|Publication number||US7494342 B2|
|Application number||US 11/252,055|
|Publication date||Feb 24, 2009|
|Filing date||Oct 17, 2005|
|Priority date||Oct 17, 2005|
|Also published as||CA2626260A1, DE112006002914T5, US20070117084, WO2007047470A2, WO2007047470A3|
|Publication number||11252055, 252055, US 7494342 B2, US 7494342B2, US-B2-7494342, US7494342 B2, US7494342B2|
|Inventors||Jennifer C. Julian, Elias A. Shaheen, Alan J. Fujii|
|Original Assignee||The Clorox Company|
|Export Citation||BiBTeX, EndNote, RefMan|
|Patent Citations (12), Classifications (5), Legal Events (2)|
|External Links: USPTO, USPTO Assignment, Espacenet|
1. Field of the Invention
This invention relates to informational demonstrations, and more specifically to methods and kits used as an educational and promotional tool for demonstrating the efficacy of a consumer product to produce a consumer-desired effect.
2. Description of the Related Art
Demonstration of products is well known. Many types of products have been demonstrated by a product salesperson or vendor to educate and inform consumers about the characteristics and benefits of the product. Often times a live demonstration is the best way inform and educate. Written materials, video or spoken presentations about the benefits of a product often fail to capture and focus attention on the product's ability to perform a desired function or achieve a desired result.
Consumers have recently become more concerned with the efficacy of their consumer products since these products often provide health, safety, or wellness benefits of interest to consumers. Consumer products particularly lend themselves to live demonstrations of their capacity to produce a consumer-desired effect on a contaminant. Often the consumer-desired effect produced by the consumer product is directly observable by the consumer. Thus, live demonstrations can directly show a consumer the benefits of the consumer product.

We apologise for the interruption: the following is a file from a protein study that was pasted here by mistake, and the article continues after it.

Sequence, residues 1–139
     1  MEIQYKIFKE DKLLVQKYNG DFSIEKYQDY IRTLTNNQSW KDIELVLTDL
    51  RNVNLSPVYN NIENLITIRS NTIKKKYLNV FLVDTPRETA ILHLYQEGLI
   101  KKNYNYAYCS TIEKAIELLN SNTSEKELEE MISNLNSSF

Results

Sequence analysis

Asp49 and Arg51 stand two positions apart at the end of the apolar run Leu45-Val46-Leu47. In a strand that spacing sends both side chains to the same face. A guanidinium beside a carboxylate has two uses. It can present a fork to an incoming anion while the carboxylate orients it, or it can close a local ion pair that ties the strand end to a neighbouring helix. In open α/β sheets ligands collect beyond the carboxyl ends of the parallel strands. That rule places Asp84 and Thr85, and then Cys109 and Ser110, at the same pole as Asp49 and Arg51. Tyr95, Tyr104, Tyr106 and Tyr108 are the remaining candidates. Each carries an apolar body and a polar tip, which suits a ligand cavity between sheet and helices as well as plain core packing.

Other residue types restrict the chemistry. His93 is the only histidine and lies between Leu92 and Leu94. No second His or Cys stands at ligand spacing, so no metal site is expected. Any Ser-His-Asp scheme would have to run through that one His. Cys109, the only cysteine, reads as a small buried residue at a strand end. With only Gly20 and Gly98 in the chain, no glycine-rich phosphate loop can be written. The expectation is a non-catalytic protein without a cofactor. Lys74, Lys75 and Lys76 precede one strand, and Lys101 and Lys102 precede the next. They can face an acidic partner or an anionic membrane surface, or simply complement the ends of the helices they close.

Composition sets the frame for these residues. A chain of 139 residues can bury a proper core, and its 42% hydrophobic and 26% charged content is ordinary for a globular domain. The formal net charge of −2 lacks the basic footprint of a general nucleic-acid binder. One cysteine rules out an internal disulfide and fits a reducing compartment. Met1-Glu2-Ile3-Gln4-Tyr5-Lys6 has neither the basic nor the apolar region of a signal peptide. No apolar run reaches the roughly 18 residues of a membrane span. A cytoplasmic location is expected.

In the prior art, a consumer product demonstration involved setting up the demonstration before it was performed by the product salesperson or vendor. The consumer product was often, supplied from its standard packaging container. Workpieces, on which the consumer product acted, also needed to be supplied for the demonstrations. Finally, containers, platforms, and tools necessary for an effective demonstration had to be supplied.
During the demonstration, care was needed to avoid unintended contact with the consumer product or with the contaminant. Cleanup materials often were procured to address potential material spills of the consumer product or the contaminant.
After the demonstration was performed, the consumer product demonstrator needed to break-down the demonstration setup. Unused consumer product remaining in the original packaging and spent workpieces needed to be disposed. Work areas for the demonstration needed to be cleaned or re-ordered, and tools and working containers used in the demonstration needed to be cleaned.
With consumer products, especially those involving cleaning products that produced a consumer-desired effect on a contaminant, these prior art demonstration activities often involved some danger or health risk to both the demonstrator and the consumer observer. These types of consumer products often posses dangerous or unhealthful properties themselves. In a demonstration, use of, or even simple exposure to, these products without proper personal protective equipment, could present danger or health risks to the demonstrator or observers. Further, exposure to the contaminants on which these consumer products act, likewise often posed danger or health risks.
A demonstration apparatus and method to perform demonstrations of consumer products that avoids the disadvantages of the prior art is needed. In accordance with this objective and those that are mentioned and will become apparent below, in one aspect of the present invention a demonstration apparatus is provided.